This week I shared a new recipe for tofu burgers on Food52. Back when I wrote Veggie Burgers Every Which Way I wasn’t as enthusiastic about tofu as I am now, now that I’ve spent a lot more time enjoying it on its own and in the myriad of delicious ways that it appears in dishes across many Asian cuisines. So I revisited the tofu burger with the intent of making the tofu shine, and incorporated a few great tricks like grating it for a lighter, less tacky texture. Head over to Food52 for the write-up and the recipe, as well as for photos by the excellent Spencer Starnes.
And after the jump, my easiest and favorite way to quick-pickle onions and cucumbers, which will be a welcome accompaniment to all of your Memorial Day ‘que spreads this weekend and through the summer. Can’t believe it’s here already…
I’ve been spending a lot of time at the grocery store. Not shopping, but standing there behind a little sample table, proselytizing my Made by Lukas veggie burgers. I walk into the store and press play on the soundbite that’s tattooed into my brain—”Care to try a fresh vegetable veggie burger? Here, have a taste! These are Made-by-Lukas fresh-vegetable-veggie-burgers! The orange one is Carrot-Parsnip, the red one is beet. Yes, absolutely please do try both! Eighty percent fresh, locally sourced vegetables—our kitchen is up in the Hudson Valley—and quinoa, seeds, millet, and spices make up the rest! No soy! No wheat! Right over there in the cold case next to the tofu!” Repeat a thousand times.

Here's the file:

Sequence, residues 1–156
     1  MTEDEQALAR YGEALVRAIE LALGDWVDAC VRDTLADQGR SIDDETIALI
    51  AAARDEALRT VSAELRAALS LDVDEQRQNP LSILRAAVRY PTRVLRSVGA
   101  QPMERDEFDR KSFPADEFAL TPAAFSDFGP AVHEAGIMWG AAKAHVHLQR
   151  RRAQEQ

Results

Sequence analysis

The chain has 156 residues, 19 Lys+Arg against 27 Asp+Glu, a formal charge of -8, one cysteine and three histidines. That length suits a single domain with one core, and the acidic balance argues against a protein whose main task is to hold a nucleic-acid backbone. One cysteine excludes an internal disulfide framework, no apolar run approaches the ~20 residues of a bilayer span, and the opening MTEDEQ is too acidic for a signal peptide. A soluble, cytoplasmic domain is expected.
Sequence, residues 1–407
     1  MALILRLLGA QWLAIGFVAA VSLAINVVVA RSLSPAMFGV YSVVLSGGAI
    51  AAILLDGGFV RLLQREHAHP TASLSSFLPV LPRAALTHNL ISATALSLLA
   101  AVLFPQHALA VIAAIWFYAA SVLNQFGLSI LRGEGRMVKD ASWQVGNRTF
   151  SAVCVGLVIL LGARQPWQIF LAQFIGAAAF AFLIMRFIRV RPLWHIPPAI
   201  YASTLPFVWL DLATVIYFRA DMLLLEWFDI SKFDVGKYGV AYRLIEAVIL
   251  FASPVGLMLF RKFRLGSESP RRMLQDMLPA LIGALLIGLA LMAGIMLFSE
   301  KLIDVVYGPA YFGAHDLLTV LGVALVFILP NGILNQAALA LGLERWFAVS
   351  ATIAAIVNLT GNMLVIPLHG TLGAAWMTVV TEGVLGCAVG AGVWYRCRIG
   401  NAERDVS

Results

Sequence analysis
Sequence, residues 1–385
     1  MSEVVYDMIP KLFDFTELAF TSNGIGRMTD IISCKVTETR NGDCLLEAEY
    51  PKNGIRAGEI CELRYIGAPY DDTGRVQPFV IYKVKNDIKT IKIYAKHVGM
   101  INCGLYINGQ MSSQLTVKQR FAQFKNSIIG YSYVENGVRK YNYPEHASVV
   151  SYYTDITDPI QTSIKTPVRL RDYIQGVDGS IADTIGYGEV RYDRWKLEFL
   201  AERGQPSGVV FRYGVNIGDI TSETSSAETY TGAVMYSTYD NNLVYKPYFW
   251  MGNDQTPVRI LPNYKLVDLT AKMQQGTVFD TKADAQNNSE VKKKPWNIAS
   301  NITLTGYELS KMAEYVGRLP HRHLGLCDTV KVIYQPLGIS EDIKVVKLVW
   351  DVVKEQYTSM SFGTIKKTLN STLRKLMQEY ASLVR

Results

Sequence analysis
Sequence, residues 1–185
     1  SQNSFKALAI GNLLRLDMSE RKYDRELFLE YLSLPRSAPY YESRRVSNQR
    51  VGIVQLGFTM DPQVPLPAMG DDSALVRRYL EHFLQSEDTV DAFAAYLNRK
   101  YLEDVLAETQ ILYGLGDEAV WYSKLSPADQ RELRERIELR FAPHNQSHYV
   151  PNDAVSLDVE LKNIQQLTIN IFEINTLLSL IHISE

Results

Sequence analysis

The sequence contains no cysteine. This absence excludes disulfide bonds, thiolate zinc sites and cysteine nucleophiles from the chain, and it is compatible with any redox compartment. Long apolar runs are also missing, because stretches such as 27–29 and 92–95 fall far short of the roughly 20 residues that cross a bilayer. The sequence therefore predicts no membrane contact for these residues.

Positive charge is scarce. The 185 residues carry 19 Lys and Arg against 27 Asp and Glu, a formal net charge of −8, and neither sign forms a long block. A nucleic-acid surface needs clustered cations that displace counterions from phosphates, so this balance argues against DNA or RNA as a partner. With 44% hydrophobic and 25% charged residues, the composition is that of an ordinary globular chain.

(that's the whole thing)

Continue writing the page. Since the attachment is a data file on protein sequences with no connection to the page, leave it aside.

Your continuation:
And when I walk out, it takes about an hour before I can turn it off. Don’t get me wrong. I like—I love—these veggie burgers, and I’m proud of the product and even the spiel. It’s incredibly exciting to introduce them to the eaters who are going to get them and love them as I do, and gratifying when that happens. And while it’s occasionally exhausting, it’s mostly amusing when I step back to assess: So this is where my life has taken me. How interesting.
[Apologies for the lapse here. I hope you didn’t miss Martha Rose Shulmans’ great column a few weeks ago in the New York Times that focuses on veggie burgers.]
This burger has been in the works for a little while. The seeds were planted sometime two years ago, when I started making my own kimchi. I first used it as a condiment for veggie burgers, and from there, it wasn’t long before I thought to use it in the veggie burgers. But it took a while before I got the formula right. As usual, I wanted to add too much—watercress, chard, bok choy, tofu, seitan—and each previous attempt resulted in a flavor that was cloudy at best, and unpalatable at worst. So I did as Amanda Hesser advised in an interview that I can no longer locate (I’m paraphrasing): Cooking is similar to that rule about dressing yourself, take one item off before you leave the house.
Here’s a new video I made (with the help of film pros Andrew Gauthier and Valerie Temple, and again featuring the music of Sleeping States) in the Vegetarian Tonight series. This time it’s a vegan veggie burger, one of my favorites from Veggie Burgers Every Which Way. The recipe has been written up in a few different places, including the Oregonian’s Food Day and the Ultimate Veggie Burgers website.